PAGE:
Swedish Courts Coming To Senses: €200 Filesharing Fine

gavel

Swedish courts may be slowly coming to their senses regarding noncommercial violations of the copyright monopoly. In a verdict yesterday, a 26-year-old in Uppsala, Sweden was sentenced to pay a €200 fine for actively sharing 44 copyrighted works in classic filesharing.

The verdict is in stark contrast to the political verdict in the Pirate Bay trial, where four people were sentenced to long prison sentences and paying €3,500,000 for merely aiding in possibly sharing 33 works. The Pirate Bay verdict has been appealed and is on its way to the Swedish Supreme Court and possibly the European Court of Justice. But then again, they were not judged for aiding and abetting, they were judged for talking back. That trial was political from day one and was a travesty on justice.

Anyway. A couple more verdicts like this and we can relegate the scrapheap of copyright to history’s junkyard.

Rick Falkvinge

Rick is the founder of the first Pirate Party and a low-altitude motorcycle pilot.

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  1. […] This post was mentioned on Twitter by Falkvinge, Medieskugga.se, lillebrorsan, Scab, Urban Sundstrom and others. Urban Sundstrom said: RT @Falkvinge Swedish Courts Coming To Senses: €200 Filesharing Fine http://is.gd/tgUjJ7 #copyright #infopolicy #sweden […]

  2. Tor

    If the SR article is right, aren’t you then comparing fines (this case) to damages (TPB case)? One could of course argue that the damages in the TPB case was a harsher penalty than the prison sentence, but still…

    It would be interesting to learn if these files were made available to the public in such a way that the number of people being able to easily access them was comparable to that of the TPB case. In that case it would be difficult to explain the discrepancy between the outcomes. I hope someone will upload the verdict as a pdf file.

    1. 26-Uppsala

      I hope not that someone will upload the verdict as a pdf. As i am the “26 year old from Uppsala”. :)

      1. Tor

        Your name is of no public interest, so if someone uploads it I hope they can black it out. Btw. maybe a good way to stop your name from getting out would be to do this yourself. 😉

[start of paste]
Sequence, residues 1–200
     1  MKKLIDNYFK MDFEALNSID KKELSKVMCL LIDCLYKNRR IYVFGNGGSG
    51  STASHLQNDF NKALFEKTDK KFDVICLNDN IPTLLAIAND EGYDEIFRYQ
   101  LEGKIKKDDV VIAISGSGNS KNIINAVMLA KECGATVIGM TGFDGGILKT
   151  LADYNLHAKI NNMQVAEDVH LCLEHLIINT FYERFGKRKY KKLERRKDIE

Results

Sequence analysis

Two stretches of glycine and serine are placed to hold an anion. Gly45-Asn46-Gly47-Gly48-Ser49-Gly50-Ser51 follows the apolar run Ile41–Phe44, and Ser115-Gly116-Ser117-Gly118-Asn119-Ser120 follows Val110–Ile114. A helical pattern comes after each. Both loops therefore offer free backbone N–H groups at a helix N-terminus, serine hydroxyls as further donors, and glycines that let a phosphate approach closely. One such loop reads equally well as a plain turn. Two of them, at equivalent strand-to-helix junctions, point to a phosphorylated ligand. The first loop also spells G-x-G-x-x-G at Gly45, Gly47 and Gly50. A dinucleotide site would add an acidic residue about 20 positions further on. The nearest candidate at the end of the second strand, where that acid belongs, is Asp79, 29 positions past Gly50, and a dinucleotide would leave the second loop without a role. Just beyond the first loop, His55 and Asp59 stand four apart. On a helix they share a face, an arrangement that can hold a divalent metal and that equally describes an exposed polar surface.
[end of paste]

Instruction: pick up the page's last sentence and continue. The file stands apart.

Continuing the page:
2. Rick Falkvinge

        Tor is absolutely right here. The best way to be in control of material is to be the first and best source.

    2. Rick Falkvinge

      Tor: The difference between “damages” and “fines” is an entirely artificial one within the justice system. For the person on the receiving end of the verdict, it’s money to be paid and that’s the end of it.

      1. Tor

        Sure – for the person on the receiving end it doesn’t make much difference. But your blog post title could be misleading for someone who does not pay attention to this difference since it seems to imply that we’re talking about the same thing. After all, if it had been a civil lawsuit, then maybe the damages would have been very high. We cannot know that.

      2. Björn Persson

        Tor: “After all, if it had been a civil lawsuit, then maybe the damages would have been very high.”

        It would be quite remarkable if the same kind of actions would be judged differently by several orders of magnitude depending on whether they are brought up as a civil or criminal case.

      3. ANNM

        Björn:
        It would be completely different things that were judged. Fines are a punishment (hence it’s often adapted to the income of the defendant in the form of “dagsböter”, so that it’s equally harsh for rich and poor), damages are supposed to cover whatever the loss of the plaintiff is deemed to be, regardless of the seriousness of the crime.

      4. Rick Falkvinge

        ANNM, that difference is still artificial within the justice system. It is irrelevant to the one on the receiving end of the verdict, and as politicians, that experience is what must be used as a measure — not what can or cannot be done within the system. Politicians write the laws, there is nothing that can’t be done.